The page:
26 June 2013

South Africa: Wild cheetahs return to the Free State after 100-year absence

For the first time in about 100 years, wild cheetahs have been reintroduced to the Free State in South Africa as part of the Endangered Wildlife Trust's (EWT) Carnivore Conservation Programme. Two male cheetahs, born in July 2010, got released into the privately owned Laohu Valley Reserve. Both cats are coming from the 5,700-hectare Amakhala Game Reserve in South Africa's Eastern Cape and have been roaming free from birth, hunting and fending for themselves. A female cheetah will get introduced to the Laohu Valley Reserve in near future, so that the province will hopefully see the first wild cubs born in over a century pretty soon.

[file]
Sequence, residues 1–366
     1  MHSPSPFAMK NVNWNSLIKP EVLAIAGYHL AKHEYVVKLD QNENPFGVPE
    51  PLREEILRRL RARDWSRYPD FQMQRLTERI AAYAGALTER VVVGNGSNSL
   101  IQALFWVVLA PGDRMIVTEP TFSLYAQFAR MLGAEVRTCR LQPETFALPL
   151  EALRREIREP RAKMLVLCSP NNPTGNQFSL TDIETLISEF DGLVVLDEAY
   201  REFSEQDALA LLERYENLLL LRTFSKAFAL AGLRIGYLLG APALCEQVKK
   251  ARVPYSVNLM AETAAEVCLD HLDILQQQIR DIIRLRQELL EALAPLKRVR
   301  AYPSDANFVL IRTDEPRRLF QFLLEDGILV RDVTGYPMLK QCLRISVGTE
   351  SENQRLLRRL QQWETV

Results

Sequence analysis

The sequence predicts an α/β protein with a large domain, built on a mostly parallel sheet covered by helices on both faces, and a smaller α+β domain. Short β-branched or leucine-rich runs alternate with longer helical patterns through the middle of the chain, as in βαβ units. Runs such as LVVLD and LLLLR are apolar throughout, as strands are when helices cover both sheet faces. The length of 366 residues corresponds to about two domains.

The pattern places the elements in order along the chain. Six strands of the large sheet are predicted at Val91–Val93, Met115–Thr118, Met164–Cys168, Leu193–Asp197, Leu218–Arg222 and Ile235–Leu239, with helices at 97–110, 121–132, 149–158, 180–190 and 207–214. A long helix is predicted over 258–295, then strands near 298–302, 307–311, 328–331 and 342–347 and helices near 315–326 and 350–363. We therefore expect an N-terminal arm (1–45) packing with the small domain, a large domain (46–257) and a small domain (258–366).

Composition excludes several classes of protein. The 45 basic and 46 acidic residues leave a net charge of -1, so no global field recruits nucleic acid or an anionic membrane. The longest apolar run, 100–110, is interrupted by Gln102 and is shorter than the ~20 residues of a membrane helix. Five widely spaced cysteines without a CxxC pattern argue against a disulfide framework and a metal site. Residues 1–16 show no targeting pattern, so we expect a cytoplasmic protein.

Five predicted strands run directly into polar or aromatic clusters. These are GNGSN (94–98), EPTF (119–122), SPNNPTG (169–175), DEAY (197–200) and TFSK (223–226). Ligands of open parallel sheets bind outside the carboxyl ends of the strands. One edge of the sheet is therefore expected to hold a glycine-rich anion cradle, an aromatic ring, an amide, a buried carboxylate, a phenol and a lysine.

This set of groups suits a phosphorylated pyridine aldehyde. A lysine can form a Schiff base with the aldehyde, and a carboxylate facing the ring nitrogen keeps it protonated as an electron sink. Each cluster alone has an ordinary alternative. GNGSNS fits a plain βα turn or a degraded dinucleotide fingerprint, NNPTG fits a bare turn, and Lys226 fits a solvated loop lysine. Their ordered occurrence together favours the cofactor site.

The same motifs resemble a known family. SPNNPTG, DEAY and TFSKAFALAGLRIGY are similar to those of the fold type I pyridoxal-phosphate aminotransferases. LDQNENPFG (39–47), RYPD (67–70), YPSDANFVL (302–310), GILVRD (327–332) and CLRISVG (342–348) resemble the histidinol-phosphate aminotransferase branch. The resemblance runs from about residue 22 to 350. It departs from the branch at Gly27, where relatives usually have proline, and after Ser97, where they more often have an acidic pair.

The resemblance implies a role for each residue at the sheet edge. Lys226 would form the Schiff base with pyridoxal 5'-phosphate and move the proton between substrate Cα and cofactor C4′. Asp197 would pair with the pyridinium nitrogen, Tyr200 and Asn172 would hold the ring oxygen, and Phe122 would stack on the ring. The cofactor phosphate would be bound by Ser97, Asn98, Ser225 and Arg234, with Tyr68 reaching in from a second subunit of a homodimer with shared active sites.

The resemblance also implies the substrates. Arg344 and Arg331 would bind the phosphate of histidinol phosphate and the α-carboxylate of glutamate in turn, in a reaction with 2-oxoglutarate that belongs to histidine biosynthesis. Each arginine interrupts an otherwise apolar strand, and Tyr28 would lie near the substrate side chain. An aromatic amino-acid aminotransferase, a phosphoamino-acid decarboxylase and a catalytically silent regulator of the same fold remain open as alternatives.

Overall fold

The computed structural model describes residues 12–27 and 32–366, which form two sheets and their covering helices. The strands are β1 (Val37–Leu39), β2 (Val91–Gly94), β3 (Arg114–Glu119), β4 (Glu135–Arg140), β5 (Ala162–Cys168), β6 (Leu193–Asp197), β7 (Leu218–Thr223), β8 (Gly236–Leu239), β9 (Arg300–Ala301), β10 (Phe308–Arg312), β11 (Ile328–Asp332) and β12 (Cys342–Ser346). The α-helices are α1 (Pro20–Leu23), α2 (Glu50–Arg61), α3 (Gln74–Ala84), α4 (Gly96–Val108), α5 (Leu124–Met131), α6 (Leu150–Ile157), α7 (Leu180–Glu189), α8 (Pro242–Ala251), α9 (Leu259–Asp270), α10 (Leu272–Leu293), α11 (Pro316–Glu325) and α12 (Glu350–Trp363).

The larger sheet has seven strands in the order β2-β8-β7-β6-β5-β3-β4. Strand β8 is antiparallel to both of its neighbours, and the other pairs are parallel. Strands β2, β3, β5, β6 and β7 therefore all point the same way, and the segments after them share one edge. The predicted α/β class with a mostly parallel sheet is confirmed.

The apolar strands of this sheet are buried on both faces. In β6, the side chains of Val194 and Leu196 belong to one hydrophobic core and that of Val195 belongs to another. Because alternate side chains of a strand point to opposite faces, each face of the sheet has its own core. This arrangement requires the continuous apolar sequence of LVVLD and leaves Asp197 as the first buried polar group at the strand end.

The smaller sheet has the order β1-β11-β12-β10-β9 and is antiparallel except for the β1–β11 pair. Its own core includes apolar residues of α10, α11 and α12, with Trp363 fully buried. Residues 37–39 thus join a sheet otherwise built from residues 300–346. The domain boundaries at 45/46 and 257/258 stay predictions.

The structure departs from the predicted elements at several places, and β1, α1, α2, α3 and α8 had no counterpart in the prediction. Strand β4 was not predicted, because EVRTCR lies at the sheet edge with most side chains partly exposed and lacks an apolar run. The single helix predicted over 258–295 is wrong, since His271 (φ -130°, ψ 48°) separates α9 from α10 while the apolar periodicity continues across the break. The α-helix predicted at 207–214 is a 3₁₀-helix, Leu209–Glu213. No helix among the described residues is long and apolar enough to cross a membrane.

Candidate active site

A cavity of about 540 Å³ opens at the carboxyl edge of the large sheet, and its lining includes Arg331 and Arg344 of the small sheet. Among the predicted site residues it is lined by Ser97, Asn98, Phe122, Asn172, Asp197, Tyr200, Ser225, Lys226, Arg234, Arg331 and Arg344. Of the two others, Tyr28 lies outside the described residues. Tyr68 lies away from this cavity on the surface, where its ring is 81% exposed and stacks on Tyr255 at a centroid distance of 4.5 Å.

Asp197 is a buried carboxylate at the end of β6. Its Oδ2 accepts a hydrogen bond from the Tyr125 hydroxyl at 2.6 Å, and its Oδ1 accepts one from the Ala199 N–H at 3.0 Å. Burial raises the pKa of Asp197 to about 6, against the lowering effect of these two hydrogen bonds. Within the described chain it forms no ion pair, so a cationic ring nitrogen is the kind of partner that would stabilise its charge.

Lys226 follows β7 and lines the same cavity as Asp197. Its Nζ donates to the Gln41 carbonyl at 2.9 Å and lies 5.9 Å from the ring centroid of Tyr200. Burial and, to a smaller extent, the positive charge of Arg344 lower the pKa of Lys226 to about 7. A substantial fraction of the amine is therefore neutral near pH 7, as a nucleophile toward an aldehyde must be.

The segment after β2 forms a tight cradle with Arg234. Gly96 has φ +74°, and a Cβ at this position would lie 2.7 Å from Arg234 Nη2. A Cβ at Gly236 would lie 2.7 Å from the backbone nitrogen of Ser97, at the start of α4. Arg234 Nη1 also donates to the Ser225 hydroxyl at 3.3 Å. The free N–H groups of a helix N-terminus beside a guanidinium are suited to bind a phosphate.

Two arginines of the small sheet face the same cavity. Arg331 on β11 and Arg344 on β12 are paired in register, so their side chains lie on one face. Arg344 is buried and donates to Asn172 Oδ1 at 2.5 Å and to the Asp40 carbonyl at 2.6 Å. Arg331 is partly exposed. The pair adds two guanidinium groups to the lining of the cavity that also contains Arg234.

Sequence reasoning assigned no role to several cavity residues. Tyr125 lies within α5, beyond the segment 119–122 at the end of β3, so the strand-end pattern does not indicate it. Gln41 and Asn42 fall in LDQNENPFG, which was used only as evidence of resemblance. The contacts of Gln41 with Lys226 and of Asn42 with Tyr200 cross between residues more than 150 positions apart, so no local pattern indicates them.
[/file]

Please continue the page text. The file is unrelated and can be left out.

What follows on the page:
The Laohu Valley Reserve, located near Philippolis, is the largest protected area in the Free State. The 350km² reserve is known for its ambitious tiger rewilding and reintroduction project in a last-ditch effort to save the South China Tiger from extinction.
According to the Endangered Wildlife Trust, cheetahs have been reintroduced into approximately 48 reserves across southern Africa for tourism and ecological reasons, and 272 cheetahs, sourced from South Africa and Namibia, currently occur in fenced reserves.


  1. For more information on Free State Tourism go to http://freestatetourism.org/

  2. For more information on Free State Tourism go to http://www.freestatetourism.org/